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Life Very Different For Beatles Impersonator With Colon Cancer

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Beatles impersonator Mark Vaccacio said his fight with colon cancer has inspired him to spread the word about prevention. (Photo: CBS 2)

Beatles impersonator Mark Vaccacio said his fight with colon cancer has inspired him to spread the word about prevention. (Photo: CBS 2)

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NEW YORK (CBS 2) – Colon cancer is the number two cancer killer in the United States, with only lung cancer affecting more people, but it’s very curable and even preventable – if you get screened early and often.

CBS 2’s Max Gomez spoke to someone who learned that lesson the hard way – a musician who’s channeling his inner “Beatle.”

On stage, he’s a rock star, playing the part of George Harrison. Backstage and behind the scenes, however, he’s 58-year-old Mark Vaccacio, and he’s dying from terminal colon cancer.

“Do I have terminal cancer? Yes I do. Am I dying tomorrow? No, I’m not,” Vaccacio said.

About one year ago, doctors found two tumors – one the size of a softball – in Vaccacio’s colon. He felt no pain, and only suffered a loss of appetite.

Now, Vaccacio said he also suffers a growing anger with himself for not doing his part to stay healthy. With a family history of the disease, the Beatles impersonator said he should have known better.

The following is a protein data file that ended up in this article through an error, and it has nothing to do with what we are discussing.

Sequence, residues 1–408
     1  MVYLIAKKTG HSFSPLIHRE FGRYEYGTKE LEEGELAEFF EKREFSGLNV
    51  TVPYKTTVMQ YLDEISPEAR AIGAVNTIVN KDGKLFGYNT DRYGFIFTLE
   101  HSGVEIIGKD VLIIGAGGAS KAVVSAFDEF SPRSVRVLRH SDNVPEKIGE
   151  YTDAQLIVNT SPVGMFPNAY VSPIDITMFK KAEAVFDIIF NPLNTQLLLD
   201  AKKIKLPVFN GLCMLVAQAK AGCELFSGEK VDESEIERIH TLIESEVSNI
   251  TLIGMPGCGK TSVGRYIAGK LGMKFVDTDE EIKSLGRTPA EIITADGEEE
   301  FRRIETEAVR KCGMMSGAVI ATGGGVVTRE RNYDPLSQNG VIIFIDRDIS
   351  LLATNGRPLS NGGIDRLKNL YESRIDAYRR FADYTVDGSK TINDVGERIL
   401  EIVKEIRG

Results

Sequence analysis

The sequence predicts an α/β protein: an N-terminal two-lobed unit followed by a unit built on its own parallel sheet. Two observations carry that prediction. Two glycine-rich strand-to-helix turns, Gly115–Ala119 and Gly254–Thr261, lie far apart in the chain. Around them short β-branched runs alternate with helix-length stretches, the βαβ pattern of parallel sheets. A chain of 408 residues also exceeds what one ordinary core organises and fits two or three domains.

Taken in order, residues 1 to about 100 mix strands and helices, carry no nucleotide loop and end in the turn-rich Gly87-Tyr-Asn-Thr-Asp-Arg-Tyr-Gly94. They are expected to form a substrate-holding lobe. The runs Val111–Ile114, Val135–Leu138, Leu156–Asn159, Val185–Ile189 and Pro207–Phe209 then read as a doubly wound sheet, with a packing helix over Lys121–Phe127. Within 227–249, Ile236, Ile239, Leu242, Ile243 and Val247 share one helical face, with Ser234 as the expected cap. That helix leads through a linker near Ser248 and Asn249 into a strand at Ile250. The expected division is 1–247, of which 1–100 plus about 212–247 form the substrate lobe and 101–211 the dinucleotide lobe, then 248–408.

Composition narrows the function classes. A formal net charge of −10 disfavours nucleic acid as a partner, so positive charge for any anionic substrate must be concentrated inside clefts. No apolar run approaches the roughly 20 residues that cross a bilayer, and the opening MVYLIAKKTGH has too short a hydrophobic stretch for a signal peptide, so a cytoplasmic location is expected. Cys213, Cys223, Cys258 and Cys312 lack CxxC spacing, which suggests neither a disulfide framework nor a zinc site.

“I was a bonehead to not keep up with my colonoscopies, and as a result…this will kill me,” he said.

Life is very different these days for Vaccacio. He wears an ileostomy bag that has to be emptied immediately before and after shows, and he has an IV line in his right arm for a saline drip that keeps him hydrated.

On stage, though, when the music starts to surge through him, Vaccacio said it’s all worth it.

“Once you get up there, you’re in your own cocoon, and it’s lovely,” he said.

Vaccacio said that while the cancer is killing him, the disease has given his life new purpose, and the chance to hopefully save others.

“I’m on a quest now to tell people, ‘get your colonoscopy,’” he said. “I’ve had a great life, but if I can help at the very end here, I’ll die more at peace.”

Vaccacio has already saved one life. His sister, Francine Mellusi, was inspired to get checked, and doctors found small tumors in her colon just in time.

“I am so proud of him,” Mellusi said. “I can’t believe the strength that he has shown throughout all of this.”

Vaccacio’s daughter said this year has been surreal, and watching her father perform has proven bittersweet.

“We knew that we had to get him back on stage, because we felt that that’s where he belongs,” Christina Vaccacio said.

“When you put the suit on, put the wig on, and you’re portraying this great, great Beatles music – the Beatles, beautiful music they made – it’s an honor, it’s an honor,” Vaccacio said.

Colon cancer doesn’t cause any symptoms until it’s pretty far along. The American Cancer Society recommends that most people have screening tests beginning at age 50.

Those who have a family history of colon cancer or polyps, or have inflammatory bowel disease like Crohn’s disease or colitis, should ask their doctor about starting screenings earlier.

The Beatles show is called “Strawberry Fields,” and it’s held every Saturday at noon at B.B. King Blues Club & Grill in Times Square.

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